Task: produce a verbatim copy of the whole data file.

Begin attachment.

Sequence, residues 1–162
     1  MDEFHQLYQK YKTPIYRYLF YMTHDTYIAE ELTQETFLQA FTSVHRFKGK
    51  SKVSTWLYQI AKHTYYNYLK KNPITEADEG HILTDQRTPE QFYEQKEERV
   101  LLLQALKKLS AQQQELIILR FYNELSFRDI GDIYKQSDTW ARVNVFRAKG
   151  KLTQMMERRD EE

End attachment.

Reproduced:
Sequence, residues 1–162
     1  MDEFHQLYQK YKTPIYRYLF YMTHDTYIAE ELTQETFLQA FTSVHRFKGK
    51  SKVSTWLYQI AKHTYYNYLK KNPITEADEG HILTDQRTPE QFYEQKEERV
   101  LLLQALKKLS AQQQELIILR FYNELSFRDI GDIYKQSDTW ARVNVFRAKG
   151  KLTQMMERRD EE